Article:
- Will I be able to keep my doctors and specialists when I switch from my employer coverage to Medicare?
- What happens if I miss my initial enrollment period?
- What documents do I need to apply for Medicare?
Working past the age of 65
As you may know, you are eligible for Medicare coverage beginning on your 65th birthday. However, if you continue working past age 65 and still have health insurance through your employer, you do have options.
- Are there penalties if I don’t sign up for Medicare at 65?
- Do I have to sign up for Medicare at 65 if I am still working and have health care coverage through my employer?
- Do I have to sign up for Medicare at 65 if I am covered by my spouse’s plan?
- What options does my spouse have if he/she is younger than 65 and no longer covered by my employer plan when I retire and enroll in Medicare?
Medicare Part D: Paying for Prescriptions
Prescription drugs are not covered by Parts A or B, so many Medicare recipients choose to add a Part D plan.
- Can I continue to contribute to my HSA once I enroll in Medicare?
- How do I know what prescription plan is best for me?
- Can I continue to use my current pharmacy?
Does Medicare Cover Long-Term Care?
As people live longer and longer, there is an increasing likelihood that they’ll need long-term care at some point in their lives. Unfortunately, Medicare does not cover long-term care expenses. Therefore, it’s important to account for Medicare and long-term care expenses as part of a comprehensive retirement income plan.
We’re committed to help
There are so many questions for your clients to consider but that’s why at Nationwide we are committed to helping. We’ve partnered with a third-party non-for-profit organization called, National Council on Aging (NCOA) to help you improve your clients’ retirement futures. Our partnership intends to provide unbiased, trusted information to help you guide your clients in making decisions that will improve their financial well-being today and into the future. The partnership includes a tool and resources that will help guide your clients through the Medicare process.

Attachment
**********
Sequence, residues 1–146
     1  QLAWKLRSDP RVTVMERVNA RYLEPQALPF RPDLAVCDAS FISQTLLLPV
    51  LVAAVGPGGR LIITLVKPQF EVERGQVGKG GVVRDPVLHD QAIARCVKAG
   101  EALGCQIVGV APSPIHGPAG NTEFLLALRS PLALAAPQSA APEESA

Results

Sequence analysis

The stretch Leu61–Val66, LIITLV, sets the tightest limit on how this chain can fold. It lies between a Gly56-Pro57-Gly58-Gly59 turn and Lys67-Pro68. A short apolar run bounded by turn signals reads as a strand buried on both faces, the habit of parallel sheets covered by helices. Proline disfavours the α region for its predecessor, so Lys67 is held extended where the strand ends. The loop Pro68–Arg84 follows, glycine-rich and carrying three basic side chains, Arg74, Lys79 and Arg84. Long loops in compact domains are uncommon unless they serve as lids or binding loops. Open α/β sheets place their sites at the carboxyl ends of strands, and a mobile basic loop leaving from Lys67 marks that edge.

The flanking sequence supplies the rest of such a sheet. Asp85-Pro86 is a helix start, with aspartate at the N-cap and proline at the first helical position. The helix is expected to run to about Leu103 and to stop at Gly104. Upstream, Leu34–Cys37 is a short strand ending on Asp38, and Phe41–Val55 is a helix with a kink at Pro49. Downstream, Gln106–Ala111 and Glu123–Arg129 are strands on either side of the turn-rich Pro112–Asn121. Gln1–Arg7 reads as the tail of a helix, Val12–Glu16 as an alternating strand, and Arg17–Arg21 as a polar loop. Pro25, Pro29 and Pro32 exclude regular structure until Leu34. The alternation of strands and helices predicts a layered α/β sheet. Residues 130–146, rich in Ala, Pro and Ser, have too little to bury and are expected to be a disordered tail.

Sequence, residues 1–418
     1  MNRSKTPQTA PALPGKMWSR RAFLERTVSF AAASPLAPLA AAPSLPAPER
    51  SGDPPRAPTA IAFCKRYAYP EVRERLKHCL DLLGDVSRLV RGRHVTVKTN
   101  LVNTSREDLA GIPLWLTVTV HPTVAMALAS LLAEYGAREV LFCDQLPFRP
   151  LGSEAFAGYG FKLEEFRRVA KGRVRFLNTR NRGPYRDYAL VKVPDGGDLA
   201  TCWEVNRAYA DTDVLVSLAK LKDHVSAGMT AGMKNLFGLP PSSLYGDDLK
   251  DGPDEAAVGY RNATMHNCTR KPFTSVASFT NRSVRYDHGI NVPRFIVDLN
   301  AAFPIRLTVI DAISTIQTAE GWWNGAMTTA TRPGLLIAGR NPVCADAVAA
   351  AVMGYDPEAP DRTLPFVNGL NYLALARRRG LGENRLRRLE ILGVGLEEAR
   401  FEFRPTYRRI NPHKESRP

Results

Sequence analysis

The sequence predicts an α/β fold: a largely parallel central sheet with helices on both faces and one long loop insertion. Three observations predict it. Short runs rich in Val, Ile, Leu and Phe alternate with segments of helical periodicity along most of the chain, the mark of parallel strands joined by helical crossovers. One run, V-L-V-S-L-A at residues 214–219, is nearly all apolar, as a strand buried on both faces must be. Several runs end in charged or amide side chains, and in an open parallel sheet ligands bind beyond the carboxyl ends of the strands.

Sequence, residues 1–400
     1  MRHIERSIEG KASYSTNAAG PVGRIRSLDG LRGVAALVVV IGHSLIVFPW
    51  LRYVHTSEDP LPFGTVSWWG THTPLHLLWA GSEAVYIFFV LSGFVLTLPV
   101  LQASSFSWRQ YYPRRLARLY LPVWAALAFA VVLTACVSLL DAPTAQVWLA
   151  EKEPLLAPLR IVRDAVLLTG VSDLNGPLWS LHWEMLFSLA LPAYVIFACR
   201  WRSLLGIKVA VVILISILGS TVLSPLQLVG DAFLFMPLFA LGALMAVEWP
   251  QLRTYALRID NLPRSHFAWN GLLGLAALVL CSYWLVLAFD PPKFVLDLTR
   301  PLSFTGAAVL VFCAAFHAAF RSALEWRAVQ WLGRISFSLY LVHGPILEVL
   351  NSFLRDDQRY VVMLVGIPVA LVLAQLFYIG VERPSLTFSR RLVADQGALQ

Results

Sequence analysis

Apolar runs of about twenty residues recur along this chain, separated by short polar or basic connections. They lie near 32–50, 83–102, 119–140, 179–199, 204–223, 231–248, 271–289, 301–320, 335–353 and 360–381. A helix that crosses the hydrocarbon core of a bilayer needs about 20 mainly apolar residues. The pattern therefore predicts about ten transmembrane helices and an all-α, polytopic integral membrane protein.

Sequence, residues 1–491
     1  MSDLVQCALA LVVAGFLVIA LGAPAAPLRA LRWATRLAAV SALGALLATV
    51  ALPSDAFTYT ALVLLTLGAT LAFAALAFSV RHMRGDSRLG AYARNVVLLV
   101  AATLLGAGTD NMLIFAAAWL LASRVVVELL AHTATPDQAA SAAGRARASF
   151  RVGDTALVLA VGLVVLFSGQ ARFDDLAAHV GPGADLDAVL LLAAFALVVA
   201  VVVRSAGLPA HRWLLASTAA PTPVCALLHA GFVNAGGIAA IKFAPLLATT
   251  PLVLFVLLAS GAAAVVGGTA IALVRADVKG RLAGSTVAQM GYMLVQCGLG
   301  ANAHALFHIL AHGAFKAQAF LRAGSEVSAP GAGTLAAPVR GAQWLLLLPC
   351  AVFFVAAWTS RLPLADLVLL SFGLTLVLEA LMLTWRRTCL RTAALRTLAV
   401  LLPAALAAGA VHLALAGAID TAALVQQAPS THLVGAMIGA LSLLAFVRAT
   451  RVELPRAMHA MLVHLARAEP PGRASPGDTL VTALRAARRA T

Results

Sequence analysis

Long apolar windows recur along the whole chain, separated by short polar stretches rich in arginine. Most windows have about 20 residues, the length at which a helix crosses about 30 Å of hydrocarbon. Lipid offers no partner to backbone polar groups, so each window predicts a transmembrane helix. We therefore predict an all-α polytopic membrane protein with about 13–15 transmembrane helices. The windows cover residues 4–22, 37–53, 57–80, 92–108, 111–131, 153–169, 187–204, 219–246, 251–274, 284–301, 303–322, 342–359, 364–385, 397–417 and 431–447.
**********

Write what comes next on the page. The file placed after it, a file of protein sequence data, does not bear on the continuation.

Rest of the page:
In our upcoming blogs, we will cover Medicare planning opportunities for you, the financial professional, as well as describe how you can put the My Medicare Matters® tool to work in your practice without an exhaustive time requirement.
We’ve come a long way from these kitchen table conversations, yet despite the abundance of information, clients still need help making their Medicare choices. We look forward to helping you help your clients feel comfortable about the choices they make.
This information is general in nature and is not intended to be tax, legal, accounting or other professional advice.
The information provided is based on current laws, which are subject to change at any time, and has not been endorsed by any government agency.
Neither Nationwide nor its representatives give legal or tax advice. Please have your clients consult with their attorney or tax advisor for answers to their specific tax questions.
Nationwide, the National Council on Aging (NCOA) and your financial professional are not affiliated.
Nationwide is not affiliated and does not endorse any of the Medicare Broker Partners that are used in this program.
Nationwide® has a paid sponsorship agreement in place with the National Council on Aging (NCOA) to help promote financial wellness concepts for older consumers.
My Medicare Matters® is a registered trademark of the National Council on Aging.